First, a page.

With blossoms reminiscent of red lipsticks on a stalk, scarlet monkeyflower is eye-catching indeed. A perennial herb found in moist to wet areas along streams and seeps, you can’t help but stop and stare when you happen upon this plant. And the inescapable thought comes to mind: “this would look wonderful in my yard”.
Until recently, the genus Mimulus was assigned to the figwort family (Scrophulariaceae). (Yes, you’re going to have to un-learn that fact!) However, research into the phylogenetic relationships on members of the family now place the genus in the lopseed family (Phrymaceae). This family includes taxa found in a very wide array of habitat types primarily in North America and Australia. Family members are distinguished by having tubular calyces with five-toothed lobes and readily dehiscent (split open upon drying) capsules. Members include diminutive annuals and herbaceous perennials to shrubs up to 13 feet tall.
The monkeyflowers, so named because the flowers of some resemble monkey faces, include some 150 species. The center of diversity for the genus is western North America, but it is also represented in South America, Asia and Australia. California is host to some 88 native species and subspecies. Of these, three are presumed to be extinct (CNPS List 1A). Members of the genus considered to be rare include 11 taxa on the CNPS List 1B, three taxa on List 2, one taxon on List 3, and 15 taxa on List 4.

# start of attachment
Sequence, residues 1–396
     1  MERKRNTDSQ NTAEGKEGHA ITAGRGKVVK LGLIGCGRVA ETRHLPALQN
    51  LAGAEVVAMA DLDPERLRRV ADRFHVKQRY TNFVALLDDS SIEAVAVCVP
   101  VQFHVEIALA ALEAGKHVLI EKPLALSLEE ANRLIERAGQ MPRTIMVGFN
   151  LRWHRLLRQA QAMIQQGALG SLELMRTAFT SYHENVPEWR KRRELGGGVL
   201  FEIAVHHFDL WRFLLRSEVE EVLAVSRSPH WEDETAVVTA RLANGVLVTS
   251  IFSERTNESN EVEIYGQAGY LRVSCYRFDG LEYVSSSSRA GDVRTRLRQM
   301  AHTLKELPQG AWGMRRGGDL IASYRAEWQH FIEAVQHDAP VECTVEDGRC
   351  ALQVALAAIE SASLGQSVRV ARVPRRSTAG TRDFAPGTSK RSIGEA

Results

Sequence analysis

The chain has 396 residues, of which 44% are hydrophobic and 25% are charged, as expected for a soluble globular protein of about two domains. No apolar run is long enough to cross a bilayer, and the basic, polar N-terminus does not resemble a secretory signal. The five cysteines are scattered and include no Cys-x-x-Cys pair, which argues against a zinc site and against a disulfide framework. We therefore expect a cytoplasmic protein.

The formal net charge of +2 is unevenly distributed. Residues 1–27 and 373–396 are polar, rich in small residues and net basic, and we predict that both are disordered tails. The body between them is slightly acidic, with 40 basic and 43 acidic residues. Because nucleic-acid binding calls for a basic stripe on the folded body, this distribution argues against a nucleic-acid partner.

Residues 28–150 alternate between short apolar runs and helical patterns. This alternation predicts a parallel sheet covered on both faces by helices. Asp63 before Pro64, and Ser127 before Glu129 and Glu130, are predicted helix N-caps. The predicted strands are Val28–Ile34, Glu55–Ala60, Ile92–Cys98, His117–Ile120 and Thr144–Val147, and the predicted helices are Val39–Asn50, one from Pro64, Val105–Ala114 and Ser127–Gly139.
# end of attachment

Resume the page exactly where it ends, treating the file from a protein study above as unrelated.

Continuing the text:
Scarlet monkeyflower is a stout perennial herb with hairy stems reaching up to 2Â½ feet high arising from rhizomes. Clasping the stems, the opposite leaves are from 1-3 inches long with three to five pronounced veins arising from the leaf base. Flowers develop singularly in the axils of the uppermost leaves at the end of 2-3 inch-long pedicels. The tubular blossoms are orange to red, up to 2 inches long, with five reflexed lobes. In our area, flowering occurs June through July.
As mentioned above, scarlet monkeyflower occurs in moist to wet ground. It has been recorded in 45 of California’s 58 counties, occurring throughout the California Floristic Province and the Desert Mountains region, at elevations below about 7800 feet. It is also known from Oregon, Nevada, Utah, New Mexico and Baja California. With such a broad range, you might be asking why it’s a topic for this column. But like so many species restricted to wetland habitats, it’s range and occurrence is being affected by human activities.
As reported in Howell, et al. (1958), from collections made in 1865, scarlet monkeyflower was reported to occur on creek banks in San Francisco; however, by 1958 it seems to have been extirpated. In 2000, using seed collected in the Crystal Springs area, Jake Sigg reintroduced it to Islais Creek in Glen Canyon, where it persists but is at risk from competition by invasive non-natives. It occurs sparingly elsewhere in the San Francisco Peninsula. It is not uncommon in the East Bay. Due to its historic occurrence in San Francisco, scarlet monkeyflower is proposed for addition to our chapter’s list of locally significant plant species.
The nice thing about scarlet monkeyflower is that it is hard to miss and unlikely to be confused with anything else. So, as you’re traipsing around the City’s few remaining freshwater wetlands this summer, keep an eye open for it. As always, if you come across it, please let us know. And (do I really need to say it?), please don’t collect it for your garden! Scarlet monkeyflower is quite readily available from suppliers of native plants. I’m finally getting around to trying it out in my yard.
Howell, J.T., P.H. Raven, and P. Rubtzoff. 1958. A Flora of San Francisco, California. Univ. of San Francisco. 157 pp.